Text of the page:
Changing times for clock speed
Way back in the dark ages of personal computing, computer power was easily gauged from something called the clock speed.
This number kept going up through the eighties, nineties and even after the turn of the millennium, but during the last part of last decade it more or less plateaued. And yet computers continue to get more powerful. Why did clock speed used to be so important - and why is it not now?
Computers (and digital electronics generally) use an internal clock to synchronise their activities. On each clock tick, data moves from one place to another and basic operations are performed. The faster the clock ticks the more operations can be performed in a given time, and hence the faster the machine. The earliest personal computers, back when Bill Gates and Steve Jobs were barely out of high school, had clocks that ticked at a few megahertz, or million times a second.
In those simple days there was just one clock that governed the entire computer.
At the relatively low clock speeds being used this was fine, but it couldn't last. People wanted more power from their computers. A very direct way to do that was to increase the clock speed, and that's what happened.
Central processing unit (CPU) clock speeds went from a few megahertz in the late 1970s to a few tens of megahertz by the early 1990s. Other computer components - main memory in particular - couldn't keep up with these nippy CPUs and the era of one clock to rule them all was over. Instead there was a special clock just to regulate operations inside the CPU, separate from the regulation of the rest of the system.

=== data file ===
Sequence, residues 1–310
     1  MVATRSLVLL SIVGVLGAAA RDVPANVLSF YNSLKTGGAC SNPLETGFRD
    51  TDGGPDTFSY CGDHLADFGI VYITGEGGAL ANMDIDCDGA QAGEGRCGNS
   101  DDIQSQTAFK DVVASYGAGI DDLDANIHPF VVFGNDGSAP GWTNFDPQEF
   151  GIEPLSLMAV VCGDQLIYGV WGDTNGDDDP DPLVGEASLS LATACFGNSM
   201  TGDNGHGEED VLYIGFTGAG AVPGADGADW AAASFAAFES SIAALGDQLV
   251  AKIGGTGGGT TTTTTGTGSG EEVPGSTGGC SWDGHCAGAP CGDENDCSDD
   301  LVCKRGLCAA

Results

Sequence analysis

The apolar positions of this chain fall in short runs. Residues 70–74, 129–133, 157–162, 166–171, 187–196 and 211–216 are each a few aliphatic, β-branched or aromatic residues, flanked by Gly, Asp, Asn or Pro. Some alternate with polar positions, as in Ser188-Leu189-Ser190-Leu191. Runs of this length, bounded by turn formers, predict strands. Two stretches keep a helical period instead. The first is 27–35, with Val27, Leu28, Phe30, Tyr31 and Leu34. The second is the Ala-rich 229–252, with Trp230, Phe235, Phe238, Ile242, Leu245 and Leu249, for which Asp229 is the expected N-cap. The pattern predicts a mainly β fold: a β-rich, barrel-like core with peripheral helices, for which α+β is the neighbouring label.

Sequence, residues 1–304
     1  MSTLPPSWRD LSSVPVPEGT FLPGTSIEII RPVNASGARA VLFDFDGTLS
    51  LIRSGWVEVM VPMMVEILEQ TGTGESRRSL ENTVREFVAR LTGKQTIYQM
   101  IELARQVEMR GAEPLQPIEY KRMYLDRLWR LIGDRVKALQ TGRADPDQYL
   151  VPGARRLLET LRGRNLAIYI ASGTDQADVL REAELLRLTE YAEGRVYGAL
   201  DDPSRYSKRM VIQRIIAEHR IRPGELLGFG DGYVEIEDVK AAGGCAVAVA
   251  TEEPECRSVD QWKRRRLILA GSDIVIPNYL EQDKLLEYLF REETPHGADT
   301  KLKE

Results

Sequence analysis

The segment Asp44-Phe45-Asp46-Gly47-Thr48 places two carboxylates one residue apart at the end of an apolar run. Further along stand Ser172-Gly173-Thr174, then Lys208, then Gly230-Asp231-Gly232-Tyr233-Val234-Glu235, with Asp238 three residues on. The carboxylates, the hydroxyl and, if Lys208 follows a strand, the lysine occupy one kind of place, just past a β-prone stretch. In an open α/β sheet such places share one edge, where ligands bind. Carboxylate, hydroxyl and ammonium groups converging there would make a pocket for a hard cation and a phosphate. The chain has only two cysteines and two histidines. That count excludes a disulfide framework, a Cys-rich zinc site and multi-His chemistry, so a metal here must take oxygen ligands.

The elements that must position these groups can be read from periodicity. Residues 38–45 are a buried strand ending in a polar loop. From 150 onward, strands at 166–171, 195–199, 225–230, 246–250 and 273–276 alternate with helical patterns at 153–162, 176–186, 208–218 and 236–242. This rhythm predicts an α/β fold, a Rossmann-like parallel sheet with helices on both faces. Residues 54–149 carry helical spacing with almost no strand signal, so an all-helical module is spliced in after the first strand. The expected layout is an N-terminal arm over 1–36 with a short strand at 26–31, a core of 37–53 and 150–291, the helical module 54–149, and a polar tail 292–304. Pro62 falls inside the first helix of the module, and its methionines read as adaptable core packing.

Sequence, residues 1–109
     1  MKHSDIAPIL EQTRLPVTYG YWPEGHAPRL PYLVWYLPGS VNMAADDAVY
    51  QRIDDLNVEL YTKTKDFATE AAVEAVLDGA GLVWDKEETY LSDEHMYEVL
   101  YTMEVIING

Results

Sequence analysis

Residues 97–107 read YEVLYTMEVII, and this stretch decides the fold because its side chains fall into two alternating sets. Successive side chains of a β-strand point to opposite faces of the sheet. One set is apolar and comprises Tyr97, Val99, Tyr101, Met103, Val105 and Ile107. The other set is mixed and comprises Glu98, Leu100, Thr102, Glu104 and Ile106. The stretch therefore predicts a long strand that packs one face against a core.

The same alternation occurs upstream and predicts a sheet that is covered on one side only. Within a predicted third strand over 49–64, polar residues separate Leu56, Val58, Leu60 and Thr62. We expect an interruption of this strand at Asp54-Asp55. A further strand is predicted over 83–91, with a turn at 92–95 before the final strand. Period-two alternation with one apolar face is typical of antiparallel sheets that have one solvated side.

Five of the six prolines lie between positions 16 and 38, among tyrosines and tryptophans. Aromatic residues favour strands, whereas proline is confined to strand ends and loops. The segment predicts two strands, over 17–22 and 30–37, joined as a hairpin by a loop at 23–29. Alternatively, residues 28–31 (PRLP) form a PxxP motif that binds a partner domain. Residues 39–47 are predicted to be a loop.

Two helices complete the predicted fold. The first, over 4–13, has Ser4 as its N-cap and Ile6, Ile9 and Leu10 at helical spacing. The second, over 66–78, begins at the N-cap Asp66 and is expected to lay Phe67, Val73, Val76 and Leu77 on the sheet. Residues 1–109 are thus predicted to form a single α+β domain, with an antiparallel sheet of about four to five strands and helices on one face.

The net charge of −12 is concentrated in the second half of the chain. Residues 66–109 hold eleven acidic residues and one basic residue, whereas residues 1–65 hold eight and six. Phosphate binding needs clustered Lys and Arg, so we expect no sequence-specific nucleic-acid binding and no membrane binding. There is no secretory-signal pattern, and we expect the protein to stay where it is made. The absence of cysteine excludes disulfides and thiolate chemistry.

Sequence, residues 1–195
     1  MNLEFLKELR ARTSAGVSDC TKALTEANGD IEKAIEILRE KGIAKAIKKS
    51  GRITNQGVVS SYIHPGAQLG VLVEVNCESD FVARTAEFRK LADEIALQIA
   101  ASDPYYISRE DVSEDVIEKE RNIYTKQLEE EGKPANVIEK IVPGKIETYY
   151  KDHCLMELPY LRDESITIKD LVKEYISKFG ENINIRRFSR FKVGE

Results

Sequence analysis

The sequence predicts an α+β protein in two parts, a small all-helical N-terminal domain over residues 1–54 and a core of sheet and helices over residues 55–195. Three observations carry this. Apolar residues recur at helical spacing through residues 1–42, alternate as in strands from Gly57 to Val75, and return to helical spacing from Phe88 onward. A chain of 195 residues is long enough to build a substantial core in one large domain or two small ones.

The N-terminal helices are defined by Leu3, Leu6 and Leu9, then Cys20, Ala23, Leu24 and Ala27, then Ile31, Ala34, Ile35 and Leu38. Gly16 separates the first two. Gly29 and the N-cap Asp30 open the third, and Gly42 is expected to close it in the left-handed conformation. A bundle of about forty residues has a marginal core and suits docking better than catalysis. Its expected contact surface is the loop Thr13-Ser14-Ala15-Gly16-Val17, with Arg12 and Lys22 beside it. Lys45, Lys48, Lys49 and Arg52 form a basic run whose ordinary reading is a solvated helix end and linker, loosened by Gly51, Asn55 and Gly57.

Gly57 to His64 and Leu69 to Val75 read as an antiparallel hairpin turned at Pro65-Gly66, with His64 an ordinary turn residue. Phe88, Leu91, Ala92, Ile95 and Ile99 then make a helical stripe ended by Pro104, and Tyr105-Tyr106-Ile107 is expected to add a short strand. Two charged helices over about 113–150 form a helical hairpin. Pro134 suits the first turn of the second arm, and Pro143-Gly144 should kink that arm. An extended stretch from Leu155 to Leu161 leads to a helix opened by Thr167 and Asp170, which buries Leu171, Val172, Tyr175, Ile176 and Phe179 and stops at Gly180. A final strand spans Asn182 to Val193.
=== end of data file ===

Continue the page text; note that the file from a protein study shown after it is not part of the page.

But no CPU is an island. It still has to interact with the rest of the system which, from its point of view, operates at glacial speeds. Because of this, modern chips are designed to keep dealings with the outside to a minimum. For example, to cut down accesses to the computer's main memory, which can take an age, the CPU keeps a cache with copies of parts of main memory so that it can access frequently used data quickly. If an operation can't find what it needs in the cache and must retrieve it the long way, CPU doesn't twiddle its thumbs while it waits. Modern CPUs don't perform the basic operations of program one after the other but do several at once, so there is always plenty to do.
In fact, the ability to do many things at once long ago overtook raw clock speed as the driver of increased CPU power. Clock speed might not have risen much in the past few years but computing power certainly has, thanks to parallel processing features that allow individual programs to carry out many basic operations simultaneously and multicore CPUs that allow many programs to be running at the same time.
For a long time it was a good rule of thumb that the more hertz a computer had the better, but recent developments have shown that you don't always need more haste to get more speed.